Justices hear police officer sexual assault cases

Two cases from opposite ends of the state jointly came before the Indiana Supreme Court on Thursday for guidance on the same question: if a police officer sexually assaults a citizen while on duty, should municipalities be held liable for the officer’s actions as the employer?

That question became relevant in Evansville and Fort Wayne when two police officers sexually assaulted intoxicated women in their respective cities. Former Evansville Officer Martin Montgomery coerced Jennifer Cox into sex at her home after responding to a domestic disturbance call, while former Fort Wayne Officer Mark Rogers raped Babi Beyer on a park bench when he was purportedly transferring her to a jail after her arrest for sitting behind the wheel of a parked car while intoxicated. Like Beyer, Cox was intoxicated at the time of the assault.

After the victims sued, the Indiana Court of Appeals denied the municipalities’ motions for summary judgment in a combined interlocutory appeal, finding the cities owed non-delegable duties of care to the women as Montgomery and Rogers’ employers. The cities, however, argued on petition to transfer Thursday that the Court of Appeals’ ruling erroneously expanded non-delegable duty in a way that would increase municipalities’ liability for police officer actions.

Thursday’s arguments focused largely on whether cities can be found to have a non-delegable duty in sexual assault cases. While the separate respondeat superior analyses focus on the relationship between the tortfeasor and their employer, non-delegable duty looks at the relationship between the tortfeasor and the alleged victim.

Here, the officers had control over their victims by virtue of being entrusted to transport Beyer to jail and Cox to her home, so the women had given up their autonomy to the officers. Thus, the surrender of the victims’ control and autonomy created a relationship that would allow the “common carrier” liability exception to apply, Ed Beck and Jim Young – counsel for Beyer and Cox, respectively – said.

But Robert Burkart, counsel for Evansville, said the common carrier exception has never been expanded to police officers, so if the Court of Appeals’ ruling stands, municipal liability would dramatically increase. Burkart said the exception generally applies in contractual situations where the passenger gives up their autonomy in exchange for their safe passage at the hands of a carrier.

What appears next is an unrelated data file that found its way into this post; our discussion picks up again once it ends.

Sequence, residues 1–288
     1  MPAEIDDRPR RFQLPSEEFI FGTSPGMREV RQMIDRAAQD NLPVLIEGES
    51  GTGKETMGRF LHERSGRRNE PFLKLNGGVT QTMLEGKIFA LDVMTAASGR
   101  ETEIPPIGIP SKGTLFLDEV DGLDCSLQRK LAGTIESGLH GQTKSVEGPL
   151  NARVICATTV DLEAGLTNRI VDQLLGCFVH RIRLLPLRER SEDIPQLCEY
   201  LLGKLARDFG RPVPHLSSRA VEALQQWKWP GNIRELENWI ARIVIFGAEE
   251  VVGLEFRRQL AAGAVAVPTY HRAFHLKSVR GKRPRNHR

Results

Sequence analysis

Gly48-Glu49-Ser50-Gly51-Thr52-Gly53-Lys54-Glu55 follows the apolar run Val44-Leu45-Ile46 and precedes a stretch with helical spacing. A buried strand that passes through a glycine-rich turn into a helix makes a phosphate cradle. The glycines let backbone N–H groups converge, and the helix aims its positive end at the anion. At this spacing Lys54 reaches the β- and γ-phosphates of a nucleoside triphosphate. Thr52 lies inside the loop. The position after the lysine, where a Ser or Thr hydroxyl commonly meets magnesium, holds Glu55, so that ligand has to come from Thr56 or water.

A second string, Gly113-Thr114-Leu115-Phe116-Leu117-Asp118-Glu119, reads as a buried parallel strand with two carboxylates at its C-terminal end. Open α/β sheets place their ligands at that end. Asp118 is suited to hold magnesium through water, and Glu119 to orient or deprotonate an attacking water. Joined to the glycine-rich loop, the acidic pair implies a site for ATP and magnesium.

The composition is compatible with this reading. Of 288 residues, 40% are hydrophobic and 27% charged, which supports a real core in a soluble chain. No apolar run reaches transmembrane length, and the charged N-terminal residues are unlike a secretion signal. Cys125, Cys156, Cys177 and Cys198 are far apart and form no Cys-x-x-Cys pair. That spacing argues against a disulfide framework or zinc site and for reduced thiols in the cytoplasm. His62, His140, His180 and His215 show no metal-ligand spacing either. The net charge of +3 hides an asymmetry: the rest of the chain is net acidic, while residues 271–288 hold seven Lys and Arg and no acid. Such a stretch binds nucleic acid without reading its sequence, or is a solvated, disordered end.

When asked by Justice Mark Massa why a social contract could not exist between police officers and citizens, Burkart said the relationship between police and the public is compulsory, so citizens such as Cox and Beyer have no choice but to give up their autonomy. He further noted that Cox’s assault occurred in her home, a location that is sacred and free from police control.

But Joseph Williams, arguing as amicus on behalf of the Indiana Trial Lawyers Association, said asking Cox to resist an armed police officer standing in her doorway would be like asking her to jump out of a moving train. Similarly, Young pointed to the Court of Appeals’ analysis that found Cox did not regain her autonomy simply by walking through her front door.

Turning to the issue of respondeat superior, Fort Wayne counsel Carolyn Trier told the court that Rogers was hired to enforce the law, not to rape citizens. Thus, his conduct was clearly outside the scope of his employment, defeating a respondeat superior claim for liability. But Beck said the issue of respondeat superior liability under a scope of employment analysis is a question of fact appropriate for a jury.

When Chief Justice Loretta Rush asked why the factors the victims relied upon to establish a non-delegable duty could not be used to establish respondeat superior liability instead, Young agreed with Beck’s analysis. He told the chief justice that a jury is best suited to decide liability, while the court should look to the relationship between the patron — here, the victims — and the entity — here, the cities — to determine if sufficient control existed to establish a non-delegable duty.

The combined arguments on petition to transfer in Jennifer Cox v. Evansville Police Department and Babi Beyer v. City of Fort Wayne, 92A01-1610-CT-2299, can be viewed here.

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